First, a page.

Donald Trump confirmed a week's worth of speculation this morning by announcing that he had chosen Indiana Gov. Mike Pence as his vice presidential candidate. He made the announcement on Twitter, of course.
I am pleased to announce that I have chosen Governor Mike Pence as my Vice Presidential running mate. News conference tomorrow at 11:00 A.M.
— Donald J. Trump (@realDonaldTrump) July 15, 2016
The decision to delay the move was widely criticized, which makes this morning's announcement look like a response to that criticism.
The drama surrounding Vice Presidential selection process offers a window into Trump's management and decision-making style: For weeks, he's built up the reality show intrigue surrounding the pick, appearing with a number of different potential candidates, teasing a 60 Minutes special where he was set to first appear with his running mate, saying even as late as last night that he had not made his "final, final decision." Trump, as always, is highly attuned to the drama of politics, but also comes across as flightly, indecisive, and thin-skinned.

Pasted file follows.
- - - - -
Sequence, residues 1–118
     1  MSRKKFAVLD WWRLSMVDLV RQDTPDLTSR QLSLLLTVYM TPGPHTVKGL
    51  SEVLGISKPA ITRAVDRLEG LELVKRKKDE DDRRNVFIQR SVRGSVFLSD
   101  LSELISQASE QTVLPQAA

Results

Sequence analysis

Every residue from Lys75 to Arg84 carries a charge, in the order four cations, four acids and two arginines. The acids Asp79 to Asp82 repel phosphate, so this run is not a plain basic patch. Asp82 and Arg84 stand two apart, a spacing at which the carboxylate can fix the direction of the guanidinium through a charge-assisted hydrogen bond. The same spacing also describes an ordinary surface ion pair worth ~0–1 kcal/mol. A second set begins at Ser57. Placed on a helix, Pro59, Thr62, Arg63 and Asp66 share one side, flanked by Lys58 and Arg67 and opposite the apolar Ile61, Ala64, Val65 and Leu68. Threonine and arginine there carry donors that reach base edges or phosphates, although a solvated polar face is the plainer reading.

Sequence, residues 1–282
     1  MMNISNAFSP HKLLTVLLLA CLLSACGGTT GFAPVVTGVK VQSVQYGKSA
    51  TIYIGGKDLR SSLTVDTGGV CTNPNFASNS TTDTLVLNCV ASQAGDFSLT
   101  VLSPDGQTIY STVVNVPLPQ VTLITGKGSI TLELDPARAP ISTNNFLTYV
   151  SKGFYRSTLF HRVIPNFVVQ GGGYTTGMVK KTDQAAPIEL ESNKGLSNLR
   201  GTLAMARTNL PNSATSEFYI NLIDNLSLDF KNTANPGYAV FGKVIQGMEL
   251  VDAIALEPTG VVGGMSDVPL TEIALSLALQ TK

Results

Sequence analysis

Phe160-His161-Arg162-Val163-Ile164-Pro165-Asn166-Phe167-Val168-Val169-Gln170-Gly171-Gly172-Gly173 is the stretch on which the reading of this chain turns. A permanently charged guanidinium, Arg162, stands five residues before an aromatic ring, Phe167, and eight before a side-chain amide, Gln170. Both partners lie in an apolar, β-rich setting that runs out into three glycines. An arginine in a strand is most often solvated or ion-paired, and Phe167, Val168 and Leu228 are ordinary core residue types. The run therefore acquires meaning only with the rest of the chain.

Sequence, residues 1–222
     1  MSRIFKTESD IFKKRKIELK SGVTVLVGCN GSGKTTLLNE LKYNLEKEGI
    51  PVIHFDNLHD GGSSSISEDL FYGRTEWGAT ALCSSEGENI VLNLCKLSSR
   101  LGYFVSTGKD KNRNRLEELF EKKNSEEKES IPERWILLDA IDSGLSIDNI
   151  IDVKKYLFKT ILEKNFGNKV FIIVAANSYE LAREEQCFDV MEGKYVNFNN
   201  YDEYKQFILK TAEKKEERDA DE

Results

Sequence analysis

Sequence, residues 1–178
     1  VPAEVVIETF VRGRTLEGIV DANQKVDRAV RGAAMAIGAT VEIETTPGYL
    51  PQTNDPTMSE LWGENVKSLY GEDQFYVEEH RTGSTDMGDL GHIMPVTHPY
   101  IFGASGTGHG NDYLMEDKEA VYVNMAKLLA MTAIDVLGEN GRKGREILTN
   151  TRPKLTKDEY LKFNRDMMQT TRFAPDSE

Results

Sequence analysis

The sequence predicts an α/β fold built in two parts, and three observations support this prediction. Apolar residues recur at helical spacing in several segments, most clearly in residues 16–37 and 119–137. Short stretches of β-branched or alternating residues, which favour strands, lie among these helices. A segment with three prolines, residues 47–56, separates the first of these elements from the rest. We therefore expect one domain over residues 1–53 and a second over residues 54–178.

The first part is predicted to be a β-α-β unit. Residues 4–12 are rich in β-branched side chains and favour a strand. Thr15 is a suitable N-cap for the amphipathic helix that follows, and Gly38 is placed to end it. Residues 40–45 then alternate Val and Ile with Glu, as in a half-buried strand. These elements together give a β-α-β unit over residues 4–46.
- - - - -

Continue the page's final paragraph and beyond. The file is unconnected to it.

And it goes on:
Trump's eventual selection, meanwhile, couldn't be more underwhelming. Pence is a longtime Republican politician driven by a religiously inflected social conservatism. He's sometimes described as a staunch fiscal conservative, but he's also the sort of governor who counts shady deals with local industry as "free-market" policymaking, as he did when he expanded Medicaid under Obamacare in Indiana.
As Nick Gillespie wrote earlier this week, "Pence is not the worst of the Republican bunch but he's not the best, especially from a libertarian perspective." Instead, he's essentially of generic Midwestern GOP politician whose defining quality is his embrace of party orthodoxy. He is remarkably unremarkable.
That's probably why Trump picked Pence. Pence's function on the GOP ticket will be to reassure anxious Republicans that Trump maintains some connection to the traditional party apparatus and its political class. Pence's purpose, in other words, is to serve as an ornamental reminder of the party as it existed before Trump's run. He's there to give Trump cover for what amounts to a takeover of the GOP. Even with Pence on the ticket, it's Trump's party now.